A fatal plane crash and a scandal over pilot records mar China's air safety record.
China's civil aviation safety is under scrutiny following a fatal crash in August and confirmation that 192 pilots had been found to have falsified their work histories.
The accident involving a Henan Airlines aircraft at Lindu Airport, which serves Yichun City in Heilongjiang province, prompted the Civil Aviation Administration of China (CAAC) to embark on a safety audit. The Brazilian-made Embraer ERJ190 aircraft overshot the runway on 24 August after landing in thick fog and broke into two on impact. Of the 91 passengers on board, 42 died. This was the first crash involving a Chinese airline since 2004.
In a statement the CAAC said investigations into the backgrounds of working pilots revealed that 192 had misrepresented themselves with fake resumes. False entries of flying hours and endorsements were made in the pilots' log books, which record the number of hours flown.
CAAC did not identify the airlines the pilots work for. The regulatory body had lined up six teams to carry out checks on airlines across the country after the crash, covering safety standards, maintenance audits, competence of personnel in the relevant sectors, implementation, and enforcement of regulations and policies.
Investigations started with Henan Airlines and its parent company, Shenzhen Airlines, a budget carrier based in the booming city of Shenzhen.
An aviation official in Shenzhen who spoke to E&T on condition of anonymity said most of the culprits were former military pilots and 103 of them were working for a budget carrier. Shenzhen Airlines is the only budget carrier based there.
'What is surprising is that the entries in the log books were not verified with the authorities before the pilots were hired,' the official commented.
He pointed out that when qualifications of pilots are not checked, it poses a threat to the safety of the aircraft and passengers' lives.
The 40-year old captain of the Henan Airlines crash was previously with Shenzhen Airlines. He resigned after he was demoted from captain on the 737-800 to first officer but was given the position of a captain when he joined Henan Airlines.
Calls to the office of Shenzhen Airlines president Feng Gang went unanswered. Flag carrier Air China, which holds a 61 per cent stake in Shenzhen Airlines, declined to comment.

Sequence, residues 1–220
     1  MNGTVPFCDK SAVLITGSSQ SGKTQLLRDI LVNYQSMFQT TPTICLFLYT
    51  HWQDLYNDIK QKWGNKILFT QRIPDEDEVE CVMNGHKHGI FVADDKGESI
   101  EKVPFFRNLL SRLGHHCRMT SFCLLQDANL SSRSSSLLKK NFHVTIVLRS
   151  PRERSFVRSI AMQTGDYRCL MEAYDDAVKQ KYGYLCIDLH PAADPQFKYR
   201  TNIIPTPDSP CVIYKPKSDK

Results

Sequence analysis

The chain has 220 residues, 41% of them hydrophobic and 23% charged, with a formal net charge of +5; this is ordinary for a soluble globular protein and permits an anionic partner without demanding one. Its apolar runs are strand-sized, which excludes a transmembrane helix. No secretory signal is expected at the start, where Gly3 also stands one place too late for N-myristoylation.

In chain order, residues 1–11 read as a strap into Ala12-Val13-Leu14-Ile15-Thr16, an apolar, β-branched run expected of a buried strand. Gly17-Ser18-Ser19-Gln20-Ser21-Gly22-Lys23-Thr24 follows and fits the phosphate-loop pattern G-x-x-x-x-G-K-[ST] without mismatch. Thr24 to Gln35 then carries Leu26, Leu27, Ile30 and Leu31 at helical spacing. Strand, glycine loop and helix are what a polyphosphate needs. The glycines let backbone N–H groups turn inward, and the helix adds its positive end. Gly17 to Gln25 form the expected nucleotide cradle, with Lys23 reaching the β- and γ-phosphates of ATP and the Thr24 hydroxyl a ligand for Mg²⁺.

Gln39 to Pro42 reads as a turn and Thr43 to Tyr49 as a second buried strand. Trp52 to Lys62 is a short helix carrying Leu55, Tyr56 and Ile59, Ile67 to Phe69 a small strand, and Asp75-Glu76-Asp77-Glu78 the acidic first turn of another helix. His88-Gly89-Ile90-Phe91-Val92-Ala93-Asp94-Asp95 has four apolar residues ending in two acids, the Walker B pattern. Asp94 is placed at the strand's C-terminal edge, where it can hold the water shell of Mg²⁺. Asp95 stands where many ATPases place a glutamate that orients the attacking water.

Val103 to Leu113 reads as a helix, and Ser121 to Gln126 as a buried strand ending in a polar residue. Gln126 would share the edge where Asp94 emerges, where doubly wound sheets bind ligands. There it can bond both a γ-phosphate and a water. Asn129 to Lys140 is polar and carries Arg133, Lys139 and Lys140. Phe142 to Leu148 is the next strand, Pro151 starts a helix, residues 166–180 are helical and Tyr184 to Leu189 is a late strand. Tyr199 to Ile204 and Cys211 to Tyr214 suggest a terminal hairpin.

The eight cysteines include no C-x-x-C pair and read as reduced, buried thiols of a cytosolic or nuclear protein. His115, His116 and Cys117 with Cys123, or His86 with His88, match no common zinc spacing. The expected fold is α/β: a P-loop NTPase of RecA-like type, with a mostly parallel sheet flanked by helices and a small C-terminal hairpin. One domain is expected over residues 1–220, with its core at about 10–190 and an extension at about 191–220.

However, a spokesman for Shanghai Airlines said it was impossible for airlines to verify every pilot's resume: 'China's aviation industry is so big and growing every day. It makes it difficult for the regulatory body to keep track of all the pilots' qualifications and flying histories.'
According to CAAC director general Li Jiaxiang most of the pilots were hired between March 2008 and June 2009 when China's domestic civil aviation was expanding rapidly.
'These airlines were desperate for pilots to meet their expansion requirements and even resorted to hiring them from South America,' Li said. He added that action had been taken against pilots found with false flying histories.
What is surprising is that these pilots were not fired but allowed to proceed with refresher courses, which paves the way for them to return to their previous positions.
Questions have also surfaced about the safety of Lindu Airport, which is located in a forested valley and prone to thick fog.
Li Jian, a deputy director at CAAC, said the airport meets all safety standards including those for night operations.
Li Jian denied suggestions that construction of the airport was shoddy because its budget was cut midway through the work. Lindu Airport was one of 40 built between 2000 and 2009.
Hardly a week into the safety audit the port wing of a China Express Air Bombardier CRJ 200 regional jet scraped the runway on landing at Guiyang Airport in south China. The airline was grounded for a week by CAAC and ordered to carry out safety checks on its fleet.
China's air safety was arguably the world's worst for much of the 1990s, riddled with human errors, poor maintenance of aircraft and gross disregard by the authorities of shortcomings. Chinese airline fleets then were composed mostly of ageing locally-made Yuns or Russian-made aircraft.
Realising the need to reform the civil aviation sector and enhance safety, CAAC under the then leadership of Yang Yangyuan took a bold step forward in 1997.
Yang was candid when he spoke openly of China's weaknesses in aviation management and safety while he sought help outside China.
He was instrumental in establishing programmes for the regulators and airlines to learn from their counterparts in the US. Help from the government and OEMs was sought in the drafting of new safety regulations.
Training for pilots, engineers, air traffic controllers and government inspectors was upgraded.
The entry level for cadet pilots to gain admission into flying schools was raised, and those not fluent in English had to go through a six-month course before they could start their training.
Boeing and Airbus concluded agreements to train Chinese safety managers.
In an unprecedented move, the Chinese government allowed International Air Transport Association specialists to carry out safety audit on all its airlines and release the findings.